Reader Theory: A Cylon Device in Baltar’s Nervous System?

Arktis says: “Baltar has a Cylon device somewhere in his nervous system instead of his brain. This is why it didn’t show on his brain scan, why it doesn’t appear to have direct control, and why it has to spend a lot of time convincing him of things. Think of it as being similar to a “man in the middle attack” (you are aware of the term, I trust) on a computer. Head Six is between Baltar’s mind and his senses, in addition to being able to exert some control over his motor functions.

“The pills are just his attempt to “make the bad (wo)man go away;” he really thinks he’s crazy deep down. Of course, so do I— but that sort of easy explanation doesn’t account for head six’s knowledge about the Cylons at certain times.”

There’s an early-on RDM mention that most of what Head Six tells Baltar could come from his own experience, and there’s always the MRI from last season. (“Would you stop going crazy in there?”) But I suspect that even though RDM is (obviously) in the position to know, he and his crew can certainly change their minds at will — and I suspect this issue is far from resolved in their minds, anyway.

And Arktis’ theory could account for the negative MRI results.

What say you?

14 Responses to "Reader Theory: A Cylon Device in Baltar’s Nervous System?"
  1. Pike says:

    I like it. It’s a nice out if they decide to go with the chip-head explaination. (And having listened to a lot of RDM’s casts, I’m of the mind (sorry) that they haven’t yet decided which way they are going to go.)

  2. Arktis says:

    Wow, I didn’t expect this to be posted. I thought you were going to save these for a podcast during the downtime between s3e10 and s3e11.

    There is always the fact that a lot of what RDM has said early on has later been contradicted, and so can only be applied to canonical events up to and including the point in the series in which his remarks were made. For example, I’d like someone to explain how Baltar would have known that Cylon psychology was based on projection, or some of the other interestingly serendipitous determinations head six has made (concerning Hera, for example). I can’t really recall any right now, but there were definitely a few moments where I was thinking, “whoa how the hell would he know that if he’s just crazy?!”. Maybe some of the posters will provide some of these instances.

    As I did say, I do think he’s just completely nuts. But that doesn’t reconcile some of the neat buts of information and direction Six has provided him. Maybe RDM will reveal some things that tie it all neatly together… maybe he never intended to take it one direction or the other (god, I hope not. that would just tick me off).

  3. The 13th Cylon says:

    I’ve just always thought that there’s a chip or something that Doc wasn’t able to detect. Maybe some weirdo biological chip.

  4. Arktis says:

    Yeah, that’s the popular theory. I just can’t believe it though. Can you imagine how intricate, delicate, and time consuming it would be to graft foreign brain tissue into a human brain and do so in a way that is essentially seamless, not to mention how much overkill it would be? I can’t. It’s like trying to wrap my head around the sheer size of the universe; it’s just beyond me. The only thing I know is that it’s BIG. Really, really BIG. Same thing here; that kind of thing is complicated. Really really really really really REALLY complicated and time consuming, whereas leaving the brain intact and just continually fraking with it to achieve the desired results makes a whole lot more practical sense. It’s like when you want to manipulate a server, you don’t go down and weld a specially designed and built chip into it’s motherboard. That would be total overkill.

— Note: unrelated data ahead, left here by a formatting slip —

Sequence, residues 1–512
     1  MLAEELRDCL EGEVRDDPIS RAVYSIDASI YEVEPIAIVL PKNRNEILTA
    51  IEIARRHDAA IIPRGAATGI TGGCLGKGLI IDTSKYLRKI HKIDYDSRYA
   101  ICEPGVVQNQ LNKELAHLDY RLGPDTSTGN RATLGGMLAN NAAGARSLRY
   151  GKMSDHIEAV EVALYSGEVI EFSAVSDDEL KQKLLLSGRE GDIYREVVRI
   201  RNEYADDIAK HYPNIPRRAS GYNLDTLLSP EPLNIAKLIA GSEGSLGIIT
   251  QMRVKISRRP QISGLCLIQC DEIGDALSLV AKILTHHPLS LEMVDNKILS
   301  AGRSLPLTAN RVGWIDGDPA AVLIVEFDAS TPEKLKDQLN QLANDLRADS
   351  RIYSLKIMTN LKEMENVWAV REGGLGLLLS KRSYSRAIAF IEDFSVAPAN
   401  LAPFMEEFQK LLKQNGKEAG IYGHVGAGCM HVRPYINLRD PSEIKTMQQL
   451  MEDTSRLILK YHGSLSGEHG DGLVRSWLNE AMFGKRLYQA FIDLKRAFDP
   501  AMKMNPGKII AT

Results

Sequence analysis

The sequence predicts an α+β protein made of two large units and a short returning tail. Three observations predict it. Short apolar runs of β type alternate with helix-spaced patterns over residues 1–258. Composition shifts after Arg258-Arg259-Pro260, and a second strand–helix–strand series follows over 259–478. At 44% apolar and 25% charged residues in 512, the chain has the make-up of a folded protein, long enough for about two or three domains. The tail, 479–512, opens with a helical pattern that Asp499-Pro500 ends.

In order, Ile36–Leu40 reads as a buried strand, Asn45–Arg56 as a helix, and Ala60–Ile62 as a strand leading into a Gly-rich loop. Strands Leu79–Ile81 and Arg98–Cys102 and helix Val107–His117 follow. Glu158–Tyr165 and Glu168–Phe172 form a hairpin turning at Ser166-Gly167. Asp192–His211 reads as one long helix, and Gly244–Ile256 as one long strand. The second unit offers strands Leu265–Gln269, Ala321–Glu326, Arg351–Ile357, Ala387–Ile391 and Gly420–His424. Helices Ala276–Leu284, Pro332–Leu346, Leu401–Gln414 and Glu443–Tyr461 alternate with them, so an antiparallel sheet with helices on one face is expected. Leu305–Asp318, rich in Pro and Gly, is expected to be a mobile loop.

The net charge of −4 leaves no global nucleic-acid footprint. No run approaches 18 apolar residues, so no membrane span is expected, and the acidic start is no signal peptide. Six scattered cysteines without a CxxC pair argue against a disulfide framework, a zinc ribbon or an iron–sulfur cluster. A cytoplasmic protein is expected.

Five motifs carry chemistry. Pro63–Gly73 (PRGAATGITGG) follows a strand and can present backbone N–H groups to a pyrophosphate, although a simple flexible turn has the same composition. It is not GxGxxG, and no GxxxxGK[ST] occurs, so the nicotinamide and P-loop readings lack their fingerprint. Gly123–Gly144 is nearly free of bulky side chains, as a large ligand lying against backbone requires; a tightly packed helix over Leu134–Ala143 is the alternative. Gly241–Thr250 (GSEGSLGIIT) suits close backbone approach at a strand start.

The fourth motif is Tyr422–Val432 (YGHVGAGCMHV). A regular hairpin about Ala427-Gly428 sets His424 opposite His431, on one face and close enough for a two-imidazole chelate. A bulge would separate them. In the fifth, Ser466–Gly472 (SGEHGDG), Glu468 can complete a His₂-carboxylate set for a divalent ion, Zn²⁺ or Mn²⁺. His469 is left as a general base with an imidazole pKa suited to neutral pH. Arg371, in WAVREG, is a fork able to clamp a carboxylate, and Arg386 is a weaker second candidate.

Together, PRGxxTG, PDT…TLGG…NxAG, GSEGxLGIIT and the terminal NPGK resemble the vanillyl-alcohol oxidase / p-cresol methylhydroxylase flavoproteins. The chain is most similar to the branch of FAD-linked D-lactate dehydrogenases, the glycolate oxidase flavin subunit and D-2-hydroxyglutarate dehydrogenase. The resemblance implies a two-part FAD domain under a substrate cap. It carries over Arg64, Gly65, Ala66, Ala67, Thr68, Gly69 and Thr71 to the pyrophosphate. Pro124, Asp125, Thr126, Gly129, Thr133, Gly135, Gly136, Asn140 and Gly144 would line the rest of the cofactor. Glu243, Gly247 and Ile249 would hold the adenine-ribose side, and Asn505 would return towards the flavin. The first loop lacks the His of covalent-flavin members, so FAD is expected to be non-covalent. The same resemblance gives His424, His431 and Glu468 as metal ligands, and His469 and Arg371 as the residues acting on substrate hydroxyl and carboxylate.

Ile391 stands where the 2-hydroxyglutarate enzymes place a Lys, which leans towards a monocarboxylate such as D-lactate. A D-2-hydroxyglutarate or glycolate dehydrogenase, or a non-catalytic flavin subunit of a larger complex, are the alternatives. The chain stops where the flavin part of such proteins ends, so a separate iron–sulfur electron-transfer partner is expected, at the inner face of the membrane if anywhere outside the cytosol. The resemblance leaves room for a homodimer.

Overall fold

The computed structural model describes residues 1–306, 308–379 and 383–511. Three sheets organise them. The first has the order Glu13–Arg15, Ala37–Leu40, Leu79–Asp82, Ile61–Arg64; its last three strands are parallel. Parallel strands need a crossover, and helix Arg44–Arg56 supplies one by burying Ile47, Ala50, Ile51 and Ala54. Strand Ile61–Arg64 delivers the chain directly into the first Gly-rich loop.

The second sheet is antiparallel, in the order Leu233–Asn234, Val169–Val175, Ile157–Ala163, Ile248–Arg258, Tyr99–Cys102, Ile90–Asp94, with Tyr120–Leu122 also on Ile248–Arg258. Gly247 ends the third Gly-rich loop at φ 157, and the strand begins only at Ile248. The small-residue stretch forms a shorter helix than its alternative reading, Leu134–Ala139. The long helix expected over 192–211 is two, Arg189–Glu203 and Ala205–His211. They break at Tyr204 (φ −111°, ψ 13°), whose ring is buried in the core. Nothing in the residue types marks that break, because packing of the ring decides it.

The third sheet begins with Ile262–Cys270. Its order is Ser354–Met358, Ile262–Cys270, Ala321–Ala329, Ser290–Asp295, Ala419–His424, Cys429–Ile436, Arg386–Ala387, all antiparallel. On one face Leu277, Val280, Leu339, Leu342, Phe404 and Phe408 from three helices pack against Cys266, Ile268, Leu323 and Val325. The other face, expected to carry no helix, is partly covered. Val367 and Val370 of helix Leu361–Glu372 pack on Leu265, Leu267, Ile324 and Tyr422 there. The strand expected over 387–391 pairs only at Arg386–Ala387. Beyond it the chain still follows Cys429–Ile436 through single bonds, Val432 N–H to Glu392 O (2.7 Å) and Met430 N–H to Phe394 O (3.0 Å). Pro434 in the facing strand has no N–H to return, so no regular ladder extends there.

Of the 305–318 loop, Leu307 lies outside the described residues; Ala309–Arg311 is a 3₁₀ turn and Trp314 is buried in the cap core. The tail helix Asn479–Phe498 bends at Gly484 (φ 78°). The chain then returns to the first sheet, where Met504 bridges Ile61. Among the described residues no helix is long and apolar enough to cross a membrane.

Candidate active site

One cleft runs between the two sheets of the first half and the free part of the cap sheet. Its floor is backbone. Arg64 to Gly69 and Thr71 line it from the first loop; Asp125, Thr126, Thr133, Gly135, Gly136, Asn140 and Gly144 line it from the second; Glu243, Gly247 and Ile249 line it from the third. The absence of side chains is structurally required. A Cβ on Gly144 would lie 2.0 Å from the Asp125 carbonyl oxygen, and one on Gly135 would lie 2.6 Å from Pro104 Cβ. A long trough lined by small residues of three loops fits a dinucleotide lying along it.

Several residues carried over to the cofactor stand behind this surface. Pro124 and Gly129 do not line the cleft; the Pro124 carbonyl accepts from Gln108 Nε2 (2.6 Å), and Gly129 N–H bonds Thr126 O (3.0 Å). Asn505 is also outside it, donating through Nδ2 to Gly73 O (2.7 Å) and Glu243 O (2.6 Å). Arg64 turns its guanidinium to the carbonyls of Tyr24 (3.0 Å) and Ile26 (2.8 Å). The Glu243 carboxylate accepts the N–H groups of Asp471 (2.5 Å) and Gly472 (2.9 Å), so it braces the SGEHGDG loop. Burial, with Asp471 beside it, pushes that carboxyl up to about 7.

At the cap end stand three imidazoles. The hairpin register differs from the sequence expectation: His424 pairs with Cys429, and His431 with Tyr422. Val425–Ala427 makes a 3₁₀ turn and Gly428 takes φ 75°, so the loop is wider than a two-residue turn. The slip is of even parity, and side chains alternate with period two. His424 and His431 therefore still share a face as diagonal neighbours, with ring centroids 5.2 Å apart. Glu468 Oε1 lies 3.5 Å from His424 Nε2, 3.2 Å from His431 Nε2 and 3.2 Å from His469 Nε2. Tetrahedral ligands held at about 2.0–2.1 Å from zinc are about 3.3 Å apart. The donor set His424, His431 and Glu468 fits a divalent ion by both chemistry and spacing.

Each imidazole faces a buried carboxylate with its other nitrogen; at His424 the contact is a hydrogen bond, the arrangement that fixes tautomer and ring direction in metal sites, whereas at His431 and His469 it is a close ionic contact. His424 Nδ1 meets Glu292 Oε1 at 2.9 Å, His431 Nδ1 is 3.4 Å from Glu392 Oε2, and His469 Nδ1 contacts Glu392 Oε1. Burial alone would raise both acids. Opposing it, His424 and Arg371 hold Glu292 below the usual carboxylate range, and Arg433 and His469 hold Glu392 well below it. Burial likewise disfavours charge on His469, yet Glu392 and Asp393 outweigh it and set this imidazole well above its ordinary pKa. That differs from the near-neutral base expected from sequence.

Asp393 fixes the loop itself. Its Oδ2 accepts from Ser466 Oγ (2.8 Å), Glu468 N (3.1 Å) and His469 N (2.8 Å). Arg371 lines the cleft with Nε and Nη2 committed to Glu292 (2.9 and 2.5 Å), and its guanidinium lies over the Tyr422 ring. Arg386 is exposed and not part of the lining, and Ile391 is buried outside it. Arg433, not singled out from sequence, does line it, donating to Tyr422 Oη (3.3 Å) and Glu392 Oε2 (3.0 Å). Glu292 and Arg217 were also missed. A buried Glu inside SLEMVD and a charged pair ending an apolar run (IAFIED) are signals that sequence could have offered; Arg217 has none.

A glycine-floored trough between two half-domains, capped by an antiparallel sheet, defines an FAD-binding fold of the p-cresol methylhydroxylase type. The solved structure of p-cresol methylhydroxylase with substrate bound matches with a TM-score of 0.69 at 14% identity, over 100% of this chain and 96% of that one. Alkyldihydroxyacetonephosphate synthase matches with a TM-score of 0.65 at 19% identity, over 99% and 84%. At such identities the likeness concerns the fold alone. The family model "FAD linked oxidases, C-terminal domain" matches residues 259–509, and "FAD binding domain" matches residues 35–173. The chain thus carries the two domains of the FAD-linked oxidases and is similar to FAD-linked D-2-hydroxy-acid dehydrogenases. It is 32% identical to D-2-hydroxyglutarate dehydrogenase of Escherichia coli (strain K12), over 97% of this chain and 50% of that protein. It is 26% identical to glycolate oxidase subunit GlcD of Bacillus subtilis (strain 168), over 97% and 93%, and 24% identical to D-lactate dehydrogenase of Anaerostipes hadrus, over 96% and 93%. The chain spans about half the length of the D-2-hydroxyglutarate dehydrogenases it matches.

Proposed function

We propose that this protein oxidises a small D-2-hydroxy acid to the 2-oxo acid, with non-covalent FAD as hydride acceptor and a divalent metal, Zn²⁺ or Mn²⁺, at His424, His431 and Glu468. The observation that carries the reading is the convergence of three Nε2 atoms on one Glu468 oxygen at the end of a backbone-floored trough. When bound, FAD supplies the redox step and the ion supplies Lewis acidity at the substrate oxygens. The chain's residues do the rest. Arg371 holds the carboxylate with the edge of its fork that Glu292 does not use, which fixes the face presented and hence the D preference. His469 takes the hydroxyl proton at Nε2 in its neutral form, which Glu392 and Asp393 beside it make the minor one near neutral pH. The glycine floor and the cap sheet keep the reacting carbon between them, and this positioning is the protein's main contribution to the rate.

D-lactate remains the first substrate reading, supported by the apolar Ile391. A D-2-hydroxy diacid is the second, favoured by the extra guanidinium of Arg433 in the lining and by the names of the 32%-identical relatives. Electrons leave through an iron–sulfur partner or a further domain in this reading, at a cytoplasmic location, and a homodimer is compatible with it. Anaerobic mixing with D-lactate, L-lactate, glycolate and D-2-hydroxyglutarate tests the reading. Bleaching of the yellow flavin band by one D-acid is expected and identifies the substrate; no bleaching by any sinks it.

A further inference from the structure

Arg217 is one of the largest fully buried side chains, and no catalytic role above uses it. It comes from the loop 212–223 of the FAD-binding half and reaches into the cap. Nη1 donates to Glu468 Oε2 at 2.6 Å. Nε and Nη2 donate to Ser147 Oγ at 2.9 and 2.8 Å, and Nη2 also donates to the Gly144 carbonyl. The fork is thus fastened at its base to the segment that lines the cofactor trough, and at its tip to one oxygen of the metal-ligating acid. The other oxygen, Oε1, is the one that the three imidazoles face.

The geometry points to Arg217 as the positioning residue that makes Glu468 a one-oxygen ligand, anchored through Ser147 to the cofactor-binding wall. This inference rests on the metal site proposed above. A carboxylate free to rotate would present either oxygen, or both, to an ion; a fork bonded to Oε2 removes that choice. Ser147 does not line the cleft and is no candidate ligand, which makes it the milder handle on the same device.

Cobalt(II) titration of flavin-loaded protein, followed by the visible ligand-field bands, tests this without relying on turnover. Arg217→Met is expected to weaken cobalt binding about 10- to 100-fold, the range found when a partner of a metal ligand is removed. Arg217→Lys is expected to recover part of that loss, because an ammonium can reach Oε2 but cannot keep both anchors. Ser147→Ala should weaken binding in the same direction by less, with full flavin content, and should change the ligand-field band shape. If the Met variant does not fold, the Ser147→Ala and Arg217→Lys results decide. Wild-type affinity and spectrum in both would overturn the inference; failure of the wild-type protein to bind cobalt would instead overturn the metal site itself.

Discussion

Of course, we are dealing with science fiction writers here, so I guess pretty much anything is possible, no matter how outrageous. Maybe they just ‘reversed the polarity on the quantum induction matrix flow regulator’. Heh.

  5. Armando says:

    I’ve always thought Baltar has had a complete psychotic break stemming from the realization that he inadvertently caused the death of his civilization and the virtual anihilation of the human race itself (that’s how James Callis says he plays the character, for instance). Anything that “Head” Six has ever told Baltar has, in fact, seemed merely to be manifestations of things he could’ve known from the beginning, conciously or sub-conciously (could he have, deep down, really always known that Six was a Cylon, even before she told him?). I’ve been revisiting season one lately and have been thinking about this in relation to how Six tries to get Baltar to “repent” and “give himself over to God.” To me, as someone who struggles with religious beliefs (coming from a devout Catholic and, later, Evangelical background to a more rational agnosticism currently) and similar issues of faith as Baltar, it strikes me that the conversations about God between Gaius and Head Six are manifestations of the thought processes a rational and intelligent person might go through while trying to reconcile some aspect of faith with a rationalistic world view (for instance, Baltar, as a scientist, might distrust the idea of God but, faced with his unlikely survival after the attack on the colonies he might very well wonder if, in fact, his salvation might have been due in part to the influence of a deity or some other supernatural event).

    As for how Head Six positioned Baltar in power, isn’t he really just manifesting his own ambitions and love for the limelight (“you’ve missed the limelight,” says Head Six in “Colonial Day,” to which Baltar replies, “Yes I have”). And although he claimed a distaste for politics, remember, this is a man who was a personal friend of President Adar. It would stand to reason that he would’ve gotten used to the trappings of power and would have picked up a few political tricks from this very prominent and important connection.